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Author Topic: Dipole antenna seperation  (Read 1236 times)

Elf36

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Dipole antenna seperation
« on: October 20, 2022, 1426 UTC »
I am planning on installing my 135' OCF dipole at 40' and would like to put a 15M dipole below it at maybe 30'. I know that separation is important, but I obviously don't have room to separate a wavelength between the two. In your opinion, how close can they be together without causing issues? Thanks

Offline ThaDood

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Re: Dipole antenna seperation?
« Reply #1 on: October 20, 2022, 1756 UTC »
Quick answer, very close, if they are perpendicular to each other. Heck, if you are planning that route, you could try a multi-band Fan Dipole, and save on the number of coaxial cables. BTW, the 135ft OCF dipole may do a decent job on 15M. Passing thoughts, especially when dealing with limited space. What wasn´t mentioned is, are you panning to RX only, or RX / TX, with these?
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Re: Dipole antenna seperation
« Reply #2 on: October 20, 2022, 1844 UTC »
I would definitely recommend the fan dipole approach vise the separate antenna. The antenna underneath the OCF can act as a counterpoise or reflector and mess up the OCF pattern. This "random" wire is kind of the same approach which is us on AM towers. A tuned wire is added on some point on the tower, or an additional tower, which effectively suck the RF to ground in that direction creating a null in the pattern. This is a common method used for creating the day time / night time pattern.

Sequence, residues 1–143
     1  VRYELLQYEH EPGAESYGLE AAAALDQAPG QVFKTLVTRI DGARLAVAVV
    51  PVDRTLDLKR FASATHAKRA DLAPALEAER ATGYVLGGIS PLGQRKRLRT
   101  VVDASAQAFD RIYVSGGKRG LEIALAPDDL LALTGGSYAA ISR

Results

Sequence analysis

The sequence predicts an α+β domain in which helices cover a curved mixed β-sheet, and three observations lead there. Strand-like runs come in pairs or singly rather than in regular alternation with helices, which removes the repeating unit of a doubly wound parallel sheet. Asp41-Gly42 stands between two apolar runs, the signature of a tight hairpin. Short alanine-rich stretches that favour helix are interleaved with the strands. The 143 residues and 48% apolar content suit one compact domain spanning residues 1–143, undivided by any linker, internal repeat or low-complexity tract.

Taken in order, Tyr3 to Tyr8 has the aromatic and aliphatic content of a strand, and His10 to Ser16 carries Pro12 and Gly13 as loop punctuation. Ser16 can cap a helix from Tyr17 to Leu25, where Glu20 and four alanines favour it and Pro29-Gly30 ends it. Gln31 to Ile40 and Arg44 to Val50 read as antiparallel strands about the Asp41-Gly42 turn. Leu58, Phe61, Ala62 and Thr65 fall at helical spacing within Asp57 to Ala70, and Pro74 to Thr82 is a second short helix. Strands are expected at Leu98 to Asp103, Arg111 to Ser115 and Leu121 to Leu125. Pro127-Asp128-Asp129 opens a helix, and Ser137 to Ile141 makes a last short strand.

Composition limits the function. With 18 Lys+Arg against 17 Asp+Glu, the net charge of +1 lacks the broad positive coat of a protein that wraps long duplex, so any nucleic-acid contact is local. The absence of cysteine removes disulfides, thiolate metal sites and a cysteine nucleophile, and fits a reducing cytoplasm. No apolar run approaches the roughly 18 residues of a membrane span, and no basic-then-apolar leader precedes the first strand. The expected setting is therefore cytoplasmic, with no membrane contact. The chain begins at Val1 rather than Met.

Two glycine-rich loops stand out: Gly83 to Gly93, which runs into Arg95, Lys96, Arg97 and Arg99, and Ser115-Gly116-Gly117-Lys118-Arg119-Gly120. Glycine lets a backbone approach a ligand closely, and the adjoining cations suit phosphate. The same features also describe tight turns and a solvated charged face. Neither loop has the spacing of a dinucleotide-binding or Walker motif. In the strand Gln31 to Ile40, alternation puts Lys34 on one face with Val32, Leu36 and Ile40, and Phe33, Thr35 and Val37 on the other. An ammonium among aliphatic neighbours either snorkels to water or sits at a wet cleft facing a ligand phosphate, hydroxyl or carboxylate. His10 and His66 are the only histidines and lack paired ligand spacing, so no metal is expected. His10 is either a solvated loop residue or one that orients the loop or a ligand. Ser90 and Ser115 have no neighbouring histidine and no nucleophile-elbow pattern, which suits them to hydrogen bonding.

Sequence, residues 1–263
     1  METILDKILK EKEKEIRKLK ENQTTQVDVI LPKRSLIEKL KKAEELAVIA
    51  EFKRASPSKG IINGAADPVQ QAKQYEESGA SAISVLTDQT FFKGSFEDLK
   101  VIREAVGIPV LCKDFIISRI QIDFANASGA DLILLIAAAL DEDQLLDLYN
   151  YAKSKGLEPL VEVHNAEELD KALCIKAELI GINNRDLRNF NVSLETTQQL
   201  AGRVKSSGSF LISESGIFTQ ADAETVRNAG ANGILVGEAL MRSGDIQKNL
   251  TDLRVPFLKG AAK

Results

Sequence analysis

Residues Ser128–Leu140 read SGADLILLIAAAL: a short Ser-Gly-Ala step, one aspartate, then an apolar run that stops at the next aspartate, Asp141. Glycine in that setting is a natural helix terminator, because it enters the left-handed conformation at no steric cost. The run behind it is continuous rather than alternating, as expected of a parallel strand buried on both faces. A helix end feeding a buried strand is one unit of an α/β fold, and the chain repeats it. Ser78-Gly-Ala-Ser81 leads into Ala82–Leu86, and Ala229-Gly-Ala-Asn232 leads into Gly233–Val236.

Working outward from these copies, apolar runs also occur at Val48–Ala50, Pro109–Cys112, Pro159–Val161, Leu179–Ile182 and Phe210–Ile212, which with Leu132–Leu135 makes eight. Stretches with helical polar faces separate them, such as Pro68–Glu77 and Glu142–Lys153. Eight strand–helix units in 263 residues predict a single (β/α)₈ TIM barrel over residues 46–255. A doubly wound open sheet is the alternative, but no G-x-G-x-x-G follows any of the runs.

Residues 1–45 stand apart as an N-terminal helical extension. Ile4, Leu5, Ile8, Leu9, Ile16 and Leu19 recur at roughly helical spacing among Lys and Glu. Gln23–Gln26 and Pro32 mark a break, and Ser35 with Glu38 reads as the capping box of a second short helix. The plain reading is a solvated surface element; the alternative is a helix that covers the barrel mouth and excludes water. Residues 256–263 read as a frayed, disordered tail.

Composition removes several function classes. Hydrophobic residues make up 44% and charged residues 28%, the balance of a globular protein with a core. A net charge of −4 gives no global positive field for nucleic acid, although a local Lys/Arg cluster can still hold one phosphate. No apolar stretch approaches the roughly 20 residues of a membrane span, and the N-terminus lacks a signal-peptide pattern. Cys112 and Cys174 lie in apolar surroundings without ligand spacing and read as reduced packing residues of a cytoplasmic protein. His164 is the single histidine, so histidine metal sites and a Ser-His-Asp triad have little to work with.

I once built a folded end-fed antenna, same idea as a T2FD but end-fed vise being centre fed, and that antenna was a disaster. Separation between the wires was 18 inches. Needless to say, it did not last long. Half that antenna, 44 feet of it, is my current end-fed longwire. I had to remove the bottom half.

Have a look at some of the Palomar Engineers notes on OCF antennae:
https://palomar-engineers.com/tech-support/tech-topics/off-center-fed-ocf-antennas/Antenna-Systems-c21444176
https://palomar-engineers.com/tech-support/tech-topics/antenna-notes/off-center-fed-dipole-notes

It is no secret that I am a big fan of Palomar Engineers products. Some of their antenna products and accessories are manufactured for the military so you known you are getting the quality of parts, manufacture and support for your investment.

There are some KiwiSDRs running Palomar Engineers OCFs and so far I like the results. The antennae seem to be quieter and less noisy than others.

And yes, my end-fed is terminated with a Palomar Engineers bullet transformer and a common noise choke at the receiver side.